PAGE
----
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Pole to Pole

Day 98: The Masai Mara

Michael Palin - Pole to PoleAs John Coleman steers us along the tops of the trees, we learn from him that the hippos who keep us awake at night are amongst 2500 in the reserve, that the lungfish survives in the ox-bow lakes of the Mara river by burying itself in the mud during the long dry season and re-emerging when the rains come, and that elephants can drop their blood temperature eleven degrees just by flapping their ears.

Coleman takes the balloon down until we are almost on the ground, slowly skimming the surface at animal height, but not having found much he climbs swiftly to 1500 feet. He makes it all look very easy, but as he says, this is good ballooning country, no power cables or barbed-wire fences to worry about and a climate good enough for 350-days-a-year operation. The only danger is of straying across into Tanzania and having to put down there. It's easily done and recently a balloon safari was arrested and held by the Tanzanians for illegal entry.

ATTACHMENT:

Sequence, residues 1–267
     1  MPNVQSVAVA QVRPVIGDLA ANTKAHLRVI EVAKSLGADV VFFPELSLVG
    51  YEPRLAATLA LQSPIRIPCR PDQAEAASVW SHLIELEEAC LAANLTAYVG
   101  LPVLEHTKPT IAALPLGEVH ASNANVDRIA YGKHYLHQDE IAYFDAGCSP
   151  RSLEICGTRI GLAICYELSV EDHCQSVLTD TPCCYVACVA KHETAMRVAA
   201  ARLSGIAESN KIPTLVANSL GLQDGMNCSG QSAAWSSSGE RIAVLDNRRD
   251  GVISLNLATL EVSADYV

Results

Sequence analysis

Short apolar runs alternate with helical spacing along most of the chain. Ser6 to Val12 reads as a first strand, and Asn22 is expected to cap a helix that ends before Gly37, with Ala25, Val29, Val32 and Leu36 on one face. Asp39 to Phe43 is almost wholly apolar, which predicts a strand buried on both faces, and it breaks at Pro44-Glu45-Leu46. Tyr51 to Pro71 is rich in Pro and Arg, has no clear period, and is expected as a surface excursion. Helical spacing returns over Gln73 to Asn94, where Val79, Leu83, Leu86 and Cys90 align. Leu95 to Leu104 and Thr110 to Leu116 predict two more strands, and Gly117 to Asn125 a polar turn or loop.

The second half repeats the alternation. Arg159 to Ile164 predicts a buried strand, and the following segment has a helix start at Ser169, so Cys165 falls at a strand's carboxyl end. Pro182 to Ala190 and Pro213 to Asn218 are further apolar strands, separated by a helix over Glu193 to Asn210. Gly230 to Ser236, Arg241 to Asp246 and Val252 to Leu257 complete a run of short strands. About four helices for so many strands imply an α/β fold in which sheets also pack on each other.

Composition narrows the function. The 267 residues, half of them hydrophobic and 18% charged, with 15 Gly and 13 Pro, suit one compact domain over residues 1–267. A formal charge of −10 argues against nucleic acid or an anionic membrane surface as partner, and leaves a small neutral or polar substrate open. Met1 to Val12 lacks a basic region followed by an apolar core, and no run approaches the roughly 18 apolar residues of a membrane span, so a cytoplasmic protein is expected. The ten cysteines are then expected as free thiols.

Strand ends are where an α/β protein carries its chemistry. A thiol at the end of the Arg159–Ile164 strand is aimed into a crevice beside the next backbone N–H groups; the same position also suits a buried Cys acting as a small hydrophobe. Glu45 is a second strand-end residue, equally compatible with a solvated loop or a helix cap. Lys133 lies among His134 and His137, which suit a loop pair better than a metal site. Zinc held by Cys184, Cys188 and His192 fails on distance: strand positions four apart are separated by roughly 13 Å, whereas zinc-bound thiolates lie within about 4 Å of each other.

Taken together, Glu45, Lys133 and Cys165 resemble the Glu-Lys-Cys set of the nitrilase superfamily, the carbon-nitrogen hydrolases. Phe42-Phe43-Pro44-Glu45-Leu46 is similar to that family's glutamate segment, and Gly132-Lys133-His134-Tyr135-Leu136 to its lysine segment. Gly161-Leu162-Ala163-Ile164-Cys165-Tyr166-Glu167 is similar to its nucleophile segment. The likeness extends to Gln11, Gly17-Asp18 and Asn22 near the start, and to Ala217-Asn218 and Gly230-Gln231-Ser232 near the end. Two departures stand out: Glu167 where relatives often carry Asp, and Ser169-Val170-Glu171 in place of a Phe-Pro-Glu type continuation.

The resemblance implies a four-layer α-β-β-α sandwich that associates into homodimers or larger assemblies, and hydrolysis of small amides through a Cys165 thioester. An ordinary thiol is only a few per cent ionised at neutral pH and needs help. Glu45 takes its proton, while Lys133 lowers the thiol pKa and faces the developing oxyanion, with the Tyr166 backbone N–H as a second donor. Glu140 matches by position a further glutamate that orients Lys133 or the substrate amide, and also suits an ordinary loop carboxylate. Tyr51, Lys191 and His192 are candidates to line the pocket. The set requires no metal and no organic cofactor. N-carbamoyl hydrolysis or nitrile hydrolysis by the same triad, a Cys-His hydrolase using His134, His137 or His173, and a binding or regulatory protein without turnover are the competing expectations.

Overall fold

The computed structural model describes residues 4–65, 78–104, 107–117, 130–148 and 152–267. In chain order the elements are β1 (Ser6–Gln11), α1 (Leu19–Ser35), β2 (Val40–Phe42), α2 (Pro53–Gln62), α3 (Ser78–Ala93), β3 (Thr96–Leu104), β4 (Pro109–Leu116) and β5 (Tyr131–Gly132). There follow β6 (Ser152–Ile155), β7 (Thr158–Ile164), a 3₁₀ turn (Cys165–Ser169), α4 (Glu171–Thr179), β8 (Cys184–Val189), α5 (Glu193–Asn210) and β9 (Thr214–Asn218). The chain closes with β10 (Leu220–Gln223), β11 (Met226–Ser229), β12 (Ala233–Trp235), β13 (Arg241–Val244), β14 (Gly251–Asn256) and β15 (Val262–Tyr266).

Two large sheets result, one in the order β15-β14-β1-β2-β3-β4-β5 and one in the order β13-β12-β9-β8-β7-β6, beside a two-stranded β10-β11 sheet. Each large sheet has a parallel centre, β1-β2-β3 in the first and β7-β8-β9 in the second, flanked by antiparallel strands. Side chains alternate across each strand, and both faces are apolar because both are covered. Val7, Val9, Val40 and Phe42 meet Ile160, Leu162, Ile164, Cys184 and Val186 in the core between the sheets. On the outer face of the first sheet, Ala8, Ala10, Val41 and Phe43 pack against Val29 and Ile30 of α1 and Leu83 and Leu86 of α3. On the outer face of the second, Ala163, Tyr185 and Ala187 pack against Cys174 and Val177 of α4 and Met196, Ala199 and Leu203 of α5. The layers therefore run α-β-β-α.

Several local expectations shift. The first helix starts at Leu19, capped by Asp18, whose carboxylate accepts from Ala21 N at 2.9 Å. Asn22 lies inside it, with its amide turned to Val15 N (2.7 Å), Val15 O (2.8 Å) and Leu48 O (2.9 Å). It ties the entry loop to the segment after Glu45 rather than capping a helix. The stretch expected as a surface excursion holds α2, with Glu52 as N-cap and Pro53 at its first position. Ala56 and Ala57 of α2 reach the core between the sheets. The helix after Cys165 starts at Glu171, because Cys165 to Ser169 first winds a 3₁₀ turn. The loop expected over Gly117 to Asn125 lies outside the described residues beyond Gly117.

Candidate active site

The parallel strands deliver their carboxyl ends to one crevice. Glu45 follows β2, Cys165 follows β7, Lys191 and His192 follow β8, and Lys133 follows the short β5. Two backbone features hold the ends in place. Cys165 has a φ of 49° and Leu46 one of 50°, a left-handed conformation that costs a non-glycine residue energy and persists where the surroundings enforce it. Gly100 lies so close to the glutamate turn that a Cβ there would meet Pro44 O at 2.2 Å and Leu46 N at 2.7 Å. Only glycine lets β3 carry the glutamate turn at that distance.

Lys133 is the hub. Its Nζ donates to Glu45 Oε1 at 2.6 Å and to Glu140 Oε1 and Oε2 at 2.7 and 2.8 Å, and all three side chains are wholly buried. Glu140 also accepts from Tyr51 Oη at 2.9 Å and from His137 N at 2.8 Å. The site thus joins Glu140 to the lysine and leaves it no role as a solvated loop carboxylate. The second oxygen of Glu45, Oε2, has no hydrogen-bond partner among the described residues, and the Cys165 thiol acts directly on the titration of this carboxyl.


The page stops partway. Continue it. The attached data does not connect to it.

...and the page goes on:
The landing is a bit of a drag and a bump, but not uncomfortable, and we find ourselves within cork's distance of another Masai Mara champagne breakfast. Our glasses of pink champagne match the legs of a randy male ostrich racing about in the distance, but otherwise our bacon, egg, sausage, mushroom and croissant 'kill' is observed only by a yellow-bearded kite, a predator kept from the long, low breakfast-table by a line of spears.

Coleman brings the proceedings to a close with a toast to wives and girlfriends - 'May they never meet' - after which we collect another certificate.
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PALIN'S GUIDES

  • Series: Pole to Pole
  • Day: 98
  • Country/sea: Kenya
  • Place: Mara River
  • Book page no: 217

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